IGF-1 Influences Gonadotropin-Releasing Hormone Regulation of Puberty. Academic Article uri icon


  • The pubertal process is initiated as a result of complex neuroendocrine interactions within the preoptic and hypothalamic regions of the brain. These interactions ultimately result in a timely increase in the secretion of gonadotropin-releasing hormone (GnRH). Researchers for years have believed that this increase is due to a diminished inhibitory tone which has applied a prepubertal brake on GnRH secretion, as well as to the gradual development of excitatory inputs driving the increased release of the peptide. Over the years, insulin-like growth factor-1 (IGF-1) has emerged as a prime candidate for playing an important role in the onset of puberty. This review will first present initial research demonstrating that IGF-1 increases in circulation as puberty approaches, is able to induce the release of prepubertal GnRH, and can advance the timing of puberty. More recent findings depict an early action of IGF-1 to activate a pathway that releases the inhibitory brake on prepubertal GnRH secretion provided by dynorphin, as well as demonstrating that IGF-1 can also act later in the process to regulate the synthesis and release of kisspeptin, a potent stimulator of GnRH at puberty.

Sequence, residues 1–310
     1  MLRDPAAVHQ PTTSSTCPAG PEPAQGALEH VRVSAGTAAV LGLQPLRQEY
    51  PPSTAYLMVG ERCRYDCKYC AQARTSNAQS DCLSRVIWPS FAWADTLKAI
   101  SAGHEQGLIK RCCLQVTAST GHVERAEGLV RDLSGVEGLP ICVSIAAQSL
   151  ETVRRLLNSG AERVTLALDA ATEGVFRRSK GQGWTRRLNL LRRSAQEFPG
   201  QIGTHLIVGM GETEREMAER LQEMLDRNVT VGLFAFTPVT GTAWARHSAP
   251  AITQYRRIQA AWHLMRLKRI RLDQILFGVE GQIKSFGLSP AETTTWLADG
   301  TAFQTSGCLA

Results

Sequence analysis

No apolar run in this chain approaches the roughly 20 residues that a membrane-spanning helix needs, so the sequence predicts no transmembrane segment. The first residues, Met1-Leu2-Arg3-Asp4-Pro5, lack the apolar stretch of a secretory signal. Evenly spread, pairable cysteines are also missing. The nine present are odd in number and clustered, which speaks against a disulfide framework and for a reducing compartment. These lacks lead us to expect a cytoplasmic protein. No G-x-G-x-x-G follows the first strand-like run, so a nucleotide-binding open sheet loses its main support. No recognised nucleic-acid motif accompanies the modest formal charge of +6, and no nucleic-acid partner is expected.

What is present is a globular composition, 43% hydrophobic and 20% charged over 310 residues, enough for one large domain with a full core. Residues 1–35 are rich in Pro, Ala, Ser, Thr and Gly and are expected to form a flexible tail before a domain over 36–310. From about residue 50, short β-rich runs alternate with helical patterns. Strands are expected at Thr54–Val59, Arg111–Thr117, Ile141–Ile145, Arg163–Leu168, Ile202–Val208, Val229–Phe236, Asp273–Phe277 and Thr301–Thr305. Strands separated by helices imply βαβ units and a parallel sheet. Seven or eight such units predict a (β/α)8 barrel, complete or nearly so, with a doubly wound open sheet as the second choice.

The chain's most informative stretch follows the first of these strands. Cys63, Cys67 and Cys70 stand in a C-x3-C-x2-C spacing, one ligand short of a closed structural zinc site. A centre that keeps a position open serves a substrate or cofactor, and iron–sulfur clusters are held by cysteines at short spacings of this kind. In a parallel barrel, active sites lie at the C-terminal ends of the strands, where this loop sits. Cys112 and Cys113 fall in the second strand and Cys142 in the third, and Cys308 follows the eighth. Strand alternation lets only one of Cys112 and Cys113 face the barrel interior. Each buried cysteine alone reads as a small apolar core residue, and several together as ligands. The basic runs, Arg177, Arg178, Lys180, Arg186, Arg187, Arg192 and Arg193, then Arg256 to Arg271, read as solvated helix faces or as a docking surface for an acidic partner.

published proceedings

  • Neuroendocrinology

altmetric score

  • 1.25

author list (cited authors)

  • Dees, W. L., Hiney, J. K., & Srivastava, V. K.

citation count

  • 15

complete list of authors

  • Dees, William L||Hiney, Jill K||Srivastava, Vinod K

publication date

  • January 2021